Monday, July 14, 2014

Deborah Rix

Welcome to Dystopian High
I didn’t set out to write a dystopian story, but once I imagined teenagers in a not-too-distant future I don’t think it could have been otherwise. Dystopian stories can seem to be about wildly imaginative yet impossible futures, but they are really a version of what is happening in teenage lives right now.
The world is a nice enough place (if you live in the first world,) most decisions are made by others, and the future is a bright and shiny place. But, along comes high school and teenagers are questioning rules that suddenly seem arbitrary and can randomly change. Their bodies are no longer under their control and seem to operate independently from their brains. They are watched, assessed, and assigned to a social group they may or may not want to be a part of. Adults are constantly monitoring communication channels, and nonconformity attracts bullies. No one cares who they really are, even though they themselves haven’t quite figured out who they are yet.
And then they discover the Big Lie. There are things going on that no one told them about, and there are places in the world that, for good or ill, are utterly different from their own existence. They realize that it’s their turn to change the world.
Plus, kissing.
Reimagine all of that and you end up with young adult dystopian fiction.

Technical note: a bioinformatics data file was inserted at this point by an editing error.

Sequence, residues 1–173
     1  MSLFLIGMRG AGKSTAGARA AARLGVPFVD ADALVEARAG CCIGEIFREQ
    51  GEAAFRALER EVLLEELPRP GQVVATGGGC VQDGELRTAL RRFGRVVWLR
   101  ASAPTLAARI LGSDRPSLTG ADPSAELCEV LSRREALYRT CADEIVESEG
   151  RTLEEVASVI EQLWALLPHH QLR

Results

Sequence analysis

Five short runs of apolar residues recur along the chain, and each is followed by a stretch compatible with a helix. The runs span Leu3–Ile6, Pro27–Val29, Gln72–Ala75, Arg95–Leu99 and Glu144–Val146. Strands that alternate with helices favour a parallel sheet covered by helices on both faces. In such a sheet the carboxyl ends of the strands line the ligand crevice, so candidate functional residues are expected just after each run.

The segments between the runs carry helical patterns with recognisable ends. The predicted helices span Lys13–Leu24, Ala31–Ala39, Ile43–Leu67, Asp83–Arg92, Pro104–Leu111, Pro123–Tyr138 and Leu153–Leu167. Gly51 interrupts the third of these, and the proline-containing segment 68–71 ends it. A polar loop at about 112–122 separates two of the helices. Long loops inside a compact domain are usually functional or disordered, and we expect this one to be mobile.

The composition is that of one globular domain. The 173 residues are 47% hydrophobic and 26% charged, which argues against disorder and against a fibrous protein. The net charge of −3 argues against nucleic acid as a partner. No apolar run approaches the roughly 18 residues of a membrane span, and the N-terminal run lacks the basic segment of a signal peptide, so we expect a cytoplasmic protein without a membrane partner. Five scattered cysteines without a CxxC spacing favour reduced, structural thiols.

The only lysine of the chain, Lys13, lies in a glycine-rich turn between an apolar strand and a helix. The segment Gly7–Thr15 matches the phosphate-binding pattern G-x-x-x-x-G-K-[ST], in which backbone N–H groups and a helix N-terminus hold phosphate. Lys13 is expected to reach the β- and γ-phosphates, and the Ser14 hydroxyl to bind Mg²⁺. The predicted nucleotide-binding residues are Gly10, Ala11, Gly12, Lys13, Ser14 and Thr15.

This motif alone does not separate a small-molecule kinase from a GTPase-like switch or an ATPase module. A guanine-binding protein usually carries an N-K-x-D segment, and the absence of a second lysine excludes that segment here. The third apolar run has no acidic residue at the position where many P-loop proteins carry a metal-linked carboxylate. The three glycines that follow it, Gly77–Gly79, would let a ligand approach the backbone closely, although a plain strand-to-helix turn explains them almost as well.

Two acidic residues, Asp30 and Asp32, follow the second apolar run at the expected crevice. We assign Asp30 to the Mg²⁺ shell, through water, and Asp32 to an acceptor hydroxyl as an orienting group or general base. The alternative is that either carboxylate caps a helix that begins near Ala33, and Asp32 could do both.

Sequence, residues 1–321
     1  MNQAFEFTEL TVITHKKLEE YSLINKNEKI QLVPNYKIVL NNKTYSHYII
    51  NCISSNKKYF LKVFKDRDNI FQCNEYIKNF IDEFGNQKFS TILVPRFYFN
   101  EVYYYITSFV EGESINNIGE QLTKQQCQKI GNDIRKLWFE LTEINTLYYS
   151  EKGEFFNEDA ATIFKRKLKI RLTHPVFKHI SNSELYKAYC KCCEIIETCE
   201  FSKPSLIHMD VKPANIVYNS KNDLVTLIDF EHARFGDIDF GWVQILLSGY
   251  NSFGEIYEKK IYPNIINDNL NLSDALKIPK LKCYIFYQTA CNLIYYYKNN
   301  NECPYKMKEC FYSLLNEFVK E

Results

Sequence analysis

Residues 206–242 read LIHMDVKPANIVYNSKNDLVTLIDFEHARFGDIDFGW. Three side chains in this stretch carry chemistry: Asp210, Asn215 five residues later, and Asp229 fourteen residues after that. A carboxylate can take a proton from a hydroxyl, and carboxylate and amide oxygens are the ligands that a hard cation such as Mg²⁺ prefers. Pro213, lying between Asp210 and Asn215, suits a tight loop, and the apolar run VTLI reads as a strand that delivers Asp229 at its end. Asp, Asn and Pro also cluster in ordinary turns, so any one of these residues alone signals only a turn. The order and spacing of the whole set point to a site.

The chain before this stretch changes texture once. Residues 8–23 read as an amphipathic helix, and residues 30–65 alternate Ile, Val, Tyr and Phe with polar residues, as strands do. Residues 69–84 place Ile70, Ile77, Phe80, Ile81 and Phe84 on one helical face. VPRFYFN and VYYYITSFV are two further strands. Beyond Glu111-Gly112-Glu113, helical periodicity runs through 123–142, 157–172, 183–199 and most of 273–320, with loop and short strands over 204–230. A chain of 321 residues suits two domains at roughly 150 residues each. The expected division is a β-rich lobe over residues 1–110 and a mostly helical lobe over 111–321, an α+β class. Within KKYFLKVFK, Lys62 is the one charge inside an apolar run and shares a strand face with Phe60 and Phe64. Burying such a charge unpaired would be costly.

My reimagining began with Scientific American.  It has fascinating articles from every branch of scientific discovery. It also has a lot of bad news. Well, potential bad news. I began to ask myself what would happen if those dire warnings came true, or if those breakthroughs led to something unexpected.
What if scientific theory could be challenged and declared untrue by people with no scientific background? What if Creationists gained political power?  What if big pharmaceutical companies ran the American FDA and approved whatever they wanted to? What if all those potential problems with genetically modified food actually happened? What if genetic information was collected during a vaccination program from an unsuspecting population under the guise of national security? What if all the pollinating bees began inexplicably disappearing, threatening food crops? What if there was mass starvation and genocide on the other side of the world and we didn’t do anything about it? What if personal privacy was eradicated and all of our communication was monitored?
All of those things have recently occurred in some form; my imagination only had to take it one step further. And I have to say, it was hard to stay ahead of developments because the future kept catching up with me as I was writing.
None of those possibilities could cause TEOTWAWKI (The End Of The World As We Know It) on their own, but what if they happened all at once? What if TEOTWAWKI comes not as an apocalyptic bang, but instead we watch it arrive without giving the slightest whimper?

Reimagine all of that, and, again, we end up with dystopian fiction, the sort that likes to warn us of the consequences of staying calm and carrying on. If those teenagers out there don’t stop and turn things around for us, this is how the future could turn out.


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